I would have to disagree with Commuter's statement about getting a battery with the most cranking amps for your size. The larger cranking amp batteries do have more plates in the battery, but tend to be thinner. The lifespan is shorter as the thinner plates deplete quicker. Stay with battery at specified rating or slightly above (50-60 cca above) for best results.


#4 Guest_1 Lucky Texan_*

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Posted 19 July 2003 - 02:07 PM

First I heard about the plates being thinner but I have heard about higher CCA batteries (for the same 'package size') having the plates extend farther down towards the bottom where they could potentially contact more 'crud' and short out or be comprimised. Probably worse if folks use minicipal or high TDS water than for folks using distilled/deionized water - do not use mineral/drinking water. It should say distilled and/or deionized.

1 Lucky Texan

#5 Guest_Commuter_*

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Posted 19 July 2003 - 03:13 PM


Hmmm... interesting point. I've never come across that, but it does have a logic to it. I've seen discussions about plate thickness, construction, vibration resistance, etc. Apparently vibration is more of a killer than most people realize. I've even seen batteries that specifically advertise as been more vibration resistent than others, but these are usually for industrial applications. I said cranking amps, but that is just one specification. What might be of more interest to someone is the batteries reserve.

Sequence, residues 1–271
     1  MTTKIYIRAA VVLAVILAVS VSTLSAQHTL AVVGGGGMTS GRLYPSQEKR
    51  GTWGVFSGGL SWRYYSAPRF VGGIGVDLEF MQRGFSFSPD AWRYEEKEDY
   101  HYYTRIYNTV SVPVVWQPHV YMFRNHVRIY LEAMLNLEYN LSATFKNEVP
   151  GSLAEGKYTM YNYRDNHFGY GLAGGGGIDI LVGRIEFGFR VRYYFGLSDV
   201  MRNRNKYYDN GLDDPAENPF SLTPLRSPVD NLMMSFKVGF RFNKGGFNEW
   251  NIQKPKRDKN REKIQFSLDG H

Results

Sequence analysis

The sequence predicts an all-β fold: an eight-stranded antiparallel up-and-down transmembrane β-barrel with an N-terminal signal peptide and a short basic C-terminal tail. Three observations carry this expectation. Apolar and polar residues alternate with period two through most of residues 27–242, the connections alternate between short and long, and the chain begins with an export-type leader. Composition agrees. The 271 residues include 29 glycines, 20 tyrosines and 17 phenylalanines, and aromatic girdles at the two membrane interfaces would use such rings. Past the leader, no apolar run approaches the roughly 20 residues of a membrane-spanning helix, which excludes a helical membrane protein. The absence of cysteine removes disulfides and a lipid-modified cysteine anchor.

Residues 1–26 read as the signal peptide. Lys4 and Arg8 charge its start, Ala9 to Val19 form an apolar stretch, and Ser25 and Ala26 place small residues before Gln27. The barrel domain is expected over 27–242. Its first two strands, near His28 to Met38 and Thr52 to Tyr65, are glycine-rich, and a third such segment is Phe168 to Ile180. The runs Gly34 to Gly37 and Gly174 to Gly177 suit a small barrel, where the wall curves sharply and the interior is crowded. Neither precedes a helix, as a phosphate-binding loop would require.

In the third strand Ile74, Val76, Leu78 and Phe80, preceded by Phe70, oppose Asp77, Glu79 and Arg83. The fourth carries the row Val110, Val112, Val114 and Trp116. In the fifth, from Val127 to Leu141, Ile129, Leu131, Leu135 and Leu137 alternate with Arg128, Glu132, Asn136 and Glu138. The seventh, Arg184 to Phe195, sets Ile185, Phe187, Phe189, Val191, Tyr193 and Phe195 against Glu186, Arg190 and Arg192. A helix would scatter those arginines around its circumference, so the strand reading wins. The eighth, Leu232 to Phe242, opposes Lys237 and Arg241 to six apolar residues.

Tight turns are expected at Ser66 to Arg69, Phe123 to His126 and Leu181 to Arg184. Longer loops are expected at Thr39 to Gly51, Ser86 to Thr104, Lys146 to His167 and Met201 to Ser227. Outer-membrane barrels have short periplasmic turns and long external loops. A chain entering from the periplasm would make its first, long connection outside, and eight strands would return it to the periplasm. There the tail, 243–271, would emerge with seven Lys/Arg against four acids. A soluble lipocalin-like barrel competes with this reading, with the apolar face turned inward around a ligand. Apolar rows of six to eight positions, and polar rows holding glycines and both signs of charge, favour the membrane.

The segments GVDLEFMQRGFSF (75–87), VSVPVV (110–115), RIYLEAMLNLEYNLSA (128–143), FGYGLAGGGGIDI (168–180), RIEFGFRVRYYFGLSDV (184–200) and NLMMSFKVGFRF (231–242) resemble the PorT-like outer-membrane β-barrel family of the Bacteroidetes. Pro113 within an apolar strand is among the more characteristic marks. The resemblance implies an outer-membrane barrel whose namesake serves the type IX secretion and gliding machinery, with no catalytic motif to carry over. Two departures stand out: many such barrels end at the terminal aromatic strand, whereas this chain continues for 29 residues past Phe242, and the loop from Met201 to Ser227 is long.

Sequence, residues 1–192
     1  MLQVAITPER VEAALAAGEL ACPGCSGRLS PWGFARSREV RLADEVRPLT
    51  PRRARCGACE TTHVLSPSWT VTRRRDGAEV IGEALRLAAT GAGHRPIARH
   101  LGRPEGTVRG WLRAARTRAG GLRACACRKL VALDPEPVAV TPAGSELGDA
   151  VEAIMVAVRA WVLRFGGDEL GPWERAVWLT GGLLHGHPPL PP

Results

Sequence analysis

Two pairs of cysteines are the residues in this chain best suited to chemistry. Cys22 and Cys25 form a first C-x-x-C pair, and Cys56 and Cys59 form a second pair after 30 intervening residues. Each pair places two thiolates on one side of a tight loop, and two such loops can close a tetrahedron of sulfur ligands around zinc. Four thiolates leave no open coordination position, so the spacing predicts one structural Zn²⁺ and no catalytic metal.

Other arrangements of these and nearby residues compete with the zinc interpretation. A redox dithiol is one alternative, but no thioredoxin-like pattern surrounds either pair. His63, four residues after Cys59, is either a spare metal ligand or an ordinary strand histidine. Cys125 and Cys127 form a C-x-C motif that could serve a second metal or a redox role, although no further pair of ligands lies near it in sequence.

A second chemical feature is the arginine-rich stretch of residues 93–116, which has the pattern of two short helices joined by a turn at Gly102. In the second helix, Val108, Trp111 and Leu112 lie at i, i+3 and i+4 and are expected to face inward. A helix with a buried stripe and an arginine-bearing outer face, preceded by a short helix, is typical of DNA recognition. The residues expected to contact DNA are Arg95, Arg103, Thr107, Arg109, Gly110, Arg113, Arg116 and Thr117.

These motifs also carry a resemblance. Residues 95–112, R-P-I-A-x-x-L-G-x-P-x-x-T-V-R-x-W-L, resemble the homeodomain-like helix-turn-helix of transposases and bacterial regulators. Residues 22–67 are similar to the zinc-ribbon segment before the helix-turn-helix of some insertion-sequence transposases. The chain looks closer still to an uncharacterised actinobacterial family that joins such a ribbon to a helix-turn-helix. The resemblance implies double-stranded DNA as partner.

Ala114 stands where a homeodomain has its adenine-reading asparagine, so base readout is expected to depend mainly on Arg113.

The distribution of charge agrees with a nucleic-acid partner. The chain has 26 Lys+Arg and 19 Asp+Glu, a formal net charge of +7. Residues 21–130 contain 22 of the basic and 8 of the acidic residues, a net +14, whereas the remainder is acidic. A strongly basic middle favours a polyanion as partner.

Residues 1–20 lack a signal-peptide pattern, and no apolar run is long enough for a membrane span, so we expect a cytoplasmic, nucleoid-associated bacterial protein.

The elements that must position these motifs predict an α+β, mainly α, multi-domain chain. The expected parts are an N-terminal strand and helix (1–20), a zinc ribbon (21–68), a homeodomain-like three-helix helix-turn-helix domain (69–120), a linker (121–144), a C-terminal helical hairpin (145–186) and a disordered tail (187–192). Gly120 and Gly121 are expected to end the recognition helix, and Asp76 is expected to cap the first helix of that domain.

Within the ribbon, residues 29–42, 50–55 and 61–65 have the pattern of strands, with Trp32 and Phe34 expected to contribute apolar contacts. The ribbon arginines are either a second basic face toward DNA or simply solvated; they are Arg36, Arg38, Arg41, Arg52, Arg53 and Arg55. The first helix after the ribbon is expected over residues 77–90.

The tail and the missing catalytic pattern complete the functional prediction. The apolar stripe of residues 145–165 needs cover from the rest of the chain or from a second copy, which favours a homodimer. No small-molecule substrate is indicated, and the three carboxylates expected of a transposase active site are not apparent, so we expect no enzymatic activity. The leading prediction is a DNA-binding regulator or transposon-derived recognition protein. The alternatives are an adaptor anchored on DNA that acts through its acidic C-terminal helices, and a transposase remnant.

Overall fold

I'm sure plate construction comes into play as well as plate thickness. But how one can find out about such things, I have no idea. You'd need some battery manufacturer insider person on that one I think!

I have not gone through a lot of batteries in my time. I've always had equal and usually better life from a replacement battery, even if it was of higher cranking amps. But that is only one factor. There's no way to know what resulted in the longer life. If I had to guess, I'd say because I probably bought a battery that was overall superior to the OEM one. OEM batteries typically aren't anything special. They are made to a performance/price point.

And yes, distilled water only as Texan points out. The minerals and junk in tap water just shorten the life of the battery.


#6 Guest_PAezb_*

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Posted 19 July 2003 - 06:08 PM

Hey Commuter,

Well, I'm going to admit I am not fully versed on battery construction, so if you or anyone else can shoot down my logic, please do. I'm sure if we search the web there are hundreds of articles out there on the topic.

What I do know:

Generally, higher CCA rated batteries have more and thinner plates than the lower CCA rated ones. This is due to the fact that more surface area is required to produce the higher current rating.

Generally, higher CCA rated batteries with more and thinner plates don't take discharge and recharging as well as as lower CCA with fewer and thicker plates - like marine batteries which of course are known for their deep cycle charging capabilities (thicker plates). In cold weather climates, the batteries will tend to have more discharge/charge activity which I *believe* is harder on the higher CCA rated batteries.